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Guest editorial Friday 6 December 2013: Why the NHS definitely needs drones, by CSU Cassander

In this guest editorial, the genius of CSU Cassander is unleashed on solving the woes of the NHS through drone technology - by sheer coincidence, his new commercial sideline

Nigel Lawson once referred to the NHS as "the closest thing the British have to a national religion"; and like all religions, the NHS has a somewhat stormy relatonship with science and technology. The most senior NHS doctors have the skills to resuscitate a cybernetic man, yet the so-called consultant ophthamologist at my local hospital refused to even look at the patchy eye-tracking on my Google Glass.

Despite giving an expert description of the headaches I was enduring, I was waved away like a queue jumper at an Apple launch. To compound the Soviet-standard customer service, I was apalled to discover that the hospital car park wouldn't accept BitCoin.

I had to pay by Visa.

Not Visa payWave.


Hello? NHS? The past called on an iPhone 4S – it wants its technology back.

It doesn't have to be this way
Just this week, in what was definitely not a publicity stunt, Amazon founder Jeff Bezos outlined a thrilling vision. By 2018, he wants his firm to deliver parcels using unmanned aerial vehicles - or, to use the lay vernacular - drones.

Simply looking at a picture of his house will tell you why we should all strive to be more like Jeff Bezos - and why every organisation should want to be more like Amazon.

Perhaps the NHS is complacent - perhaps there's a feeling that paying no corporation tax makes it similar enough to Amazon already. This is wrong, and it's probably the reason that a full 1.8% of NHS patients would be unlikely to recommend their care to a friend or relative.

The best way to improve this shocking statistic is for the NHS to take a leaf out of Amazon's eBook and invest in drone technology.

The obvious reasons
Firstly, the NHS and drones are a perfect fit from a public relations point of view. Both cost billions of pounds and are frequently accused of killing the innocent. Wouldn't it be great for both to be involved in a good-news story that, according to a pack of PowerPoint slides I bought from a management consultancy, is all but guaranteed to result in 20% cost savings over 5 years?

Drone technology, too, is ideally suited to a healthcare application. Military drone targetting systems already have a strong track record of identifying hospitals, schools and wounded civillians. The computer software which keeps the drones in the sky is bound to meet the core NHS IT requirements of being incredibly complicated and incompatible with all existing systems.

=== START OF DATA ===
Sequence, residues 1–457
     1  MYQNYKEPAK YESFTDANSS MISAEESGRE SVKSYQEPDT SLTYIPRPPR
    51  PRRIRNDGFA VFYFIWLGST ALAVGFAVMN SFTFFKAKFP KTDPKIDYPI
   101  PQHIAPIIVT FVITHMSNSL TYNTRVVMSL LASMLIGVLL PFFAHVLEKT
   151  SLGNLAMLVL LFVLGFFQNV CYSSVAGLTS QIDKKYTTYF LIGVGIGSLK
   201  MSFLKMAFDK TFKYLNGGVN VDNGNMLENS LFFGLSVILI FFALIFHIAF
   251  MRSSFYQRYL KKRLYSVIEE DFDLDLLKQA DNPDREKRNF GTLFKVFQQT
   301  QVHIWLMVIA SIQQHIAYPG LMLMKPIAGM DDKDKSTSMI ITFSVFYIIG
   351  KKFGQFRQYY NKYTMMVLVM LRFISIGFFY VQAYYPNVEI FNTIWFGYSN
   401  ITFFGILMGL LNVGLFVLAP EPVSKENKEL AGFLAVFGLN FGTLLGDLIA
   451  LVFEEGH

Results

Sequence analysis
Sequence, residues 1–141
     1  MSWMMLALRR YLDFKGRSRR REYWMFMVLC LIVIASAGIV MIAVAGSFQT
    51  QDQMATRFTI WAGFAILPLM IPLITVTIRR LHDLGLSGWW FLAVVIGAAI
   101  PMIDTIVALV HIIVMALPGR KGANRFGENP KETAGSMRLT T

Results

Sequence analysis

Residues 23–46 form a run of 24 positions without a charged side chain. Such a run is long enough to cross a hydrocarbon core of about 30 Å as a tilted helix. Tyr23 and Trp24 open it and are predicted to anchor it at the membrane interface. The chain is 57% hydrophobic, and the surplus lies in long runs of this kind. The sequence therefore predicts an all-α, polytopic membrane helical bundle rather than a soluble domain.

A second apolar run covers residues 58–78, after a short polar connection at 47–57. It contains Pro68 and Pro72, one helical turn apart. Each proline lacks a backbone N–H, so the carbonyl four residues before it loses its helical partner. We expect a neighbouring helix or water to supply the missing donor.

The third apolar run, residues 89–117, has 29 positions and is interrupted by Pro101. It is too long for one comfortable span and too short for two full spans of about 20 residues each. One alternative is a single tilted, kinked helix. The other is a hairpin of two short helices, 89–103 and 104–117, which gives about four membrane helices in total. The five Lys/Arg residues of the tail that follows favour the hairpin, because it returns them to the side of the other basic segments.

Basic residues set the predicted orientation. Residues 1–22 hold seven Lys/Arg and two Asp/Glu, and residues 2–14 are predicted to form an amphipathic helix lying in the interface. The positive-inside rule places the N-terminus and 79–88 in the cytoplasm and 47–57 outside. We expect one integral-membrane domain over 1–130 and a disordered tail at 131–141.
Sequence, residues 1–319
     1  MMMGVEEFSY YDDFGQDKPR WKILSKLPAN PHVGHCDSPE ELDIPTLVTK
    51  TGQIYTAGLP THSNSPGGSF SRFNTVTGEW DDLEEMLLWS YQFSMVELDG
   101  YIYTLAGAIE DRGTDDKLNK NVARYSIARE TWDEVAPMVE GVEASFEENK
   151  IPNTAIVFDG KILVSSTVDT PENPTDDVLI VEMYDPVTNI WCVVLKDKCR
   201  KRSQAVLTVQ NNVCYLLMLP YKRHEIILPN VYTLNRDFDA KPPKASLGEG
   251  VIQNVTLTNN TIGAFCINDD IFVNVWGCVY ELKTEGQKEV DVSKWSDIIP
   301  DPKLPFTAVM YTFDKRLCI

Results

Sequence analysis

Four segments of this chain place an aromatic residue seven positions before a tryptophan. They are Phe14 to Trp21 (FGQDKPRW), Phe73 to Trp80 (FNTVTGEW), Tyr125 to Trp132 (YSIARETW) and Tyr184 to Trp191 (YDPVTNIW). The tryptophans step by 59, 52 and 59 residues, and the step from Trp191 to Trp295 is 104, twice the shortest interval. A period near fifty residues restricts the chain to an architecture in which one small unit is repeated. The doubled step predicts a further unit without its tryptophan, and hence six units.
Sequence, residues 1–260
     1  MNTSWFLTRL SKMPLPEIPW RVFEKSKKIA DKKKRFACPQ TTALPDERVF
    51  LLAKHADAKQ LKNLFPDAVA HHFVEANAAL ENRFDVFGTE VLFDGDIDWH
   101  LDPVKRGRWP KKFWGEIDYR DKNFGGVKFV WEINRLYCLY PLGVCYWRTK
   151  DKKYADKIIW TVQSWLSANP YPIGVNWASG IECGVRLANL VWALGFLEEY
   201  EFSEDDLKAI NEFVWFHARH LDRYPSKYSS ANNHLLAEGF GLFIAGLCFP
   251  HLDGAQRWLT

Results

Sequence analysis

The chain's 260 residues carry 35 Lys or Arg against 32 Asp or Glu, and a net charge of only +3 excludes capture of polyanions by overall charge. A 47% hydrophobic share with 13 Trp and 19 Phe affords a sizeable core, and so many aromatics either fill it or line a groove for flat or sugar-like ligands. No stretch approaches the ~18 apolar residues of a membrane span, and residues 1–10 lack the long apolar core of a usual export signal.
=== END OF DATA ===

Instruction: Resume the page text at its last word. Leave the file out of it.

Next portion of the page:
Think also of the opportunity for helping patients take responsibility for their own health. When the patient of the near future goes to the doctor with an epic hangover or a bad case of Apple Product Launch Queue Flu, he won't get a prescription for some antibiotics. He'll get an activation key for the FlyMyMedator app, allowing him to fire up a drone – ready-loaded with all the antibiotics he needs – and navigate it across the city to his home, workplace or favourite ceviche restaurant.

A small price to pay (metaphorically speaking)
There's no getting around it: drones aren't cheap. The high-end models start at around 4 million USD. The NHS can either wait for Tesco to bring out a no-frills version, or start thinking creatively.

The NHS is in a strong position to offer some great Kickstarter perks: who wouldn't donate serious money in return for a go on a surgical laser robot or a day shadowing that doctor who operates on Cybermen?

Alternatively, the NHS has vast amounts of property and land doing nothing but sit around and accumulate value. I, or many of my fellow techtrepreneurs, would be happy to accept some of this real estate in exchange for a reasonable number of drones and a fixed-term support contract.

The inescapable conclusion
Investing in drones immediately is a win-win for the NHS. The project will pay for itself, over a timeframe which is comfortably long enough for everyone involved in the purchasing decision to get jobs elsewhere. Making a bold choice now will save NHS managers from a stream of far less brilliantly-written articles about drones and healthcare appearing in future editions of the HSJ.

There really is no foreseeable downside – except the very remote possiblility that an unplanned drone/building interaction might make the NHS's High Impact Innovation strapline fashionably ironic.

About the author
Cassander Grey is the Chief Technologist, VP of Sales and sole employee at MyMedatorDrone LLP. If he sells enough drones to the NHS, he can buy a big house. You can follow him on Twitter at @CSUCassander"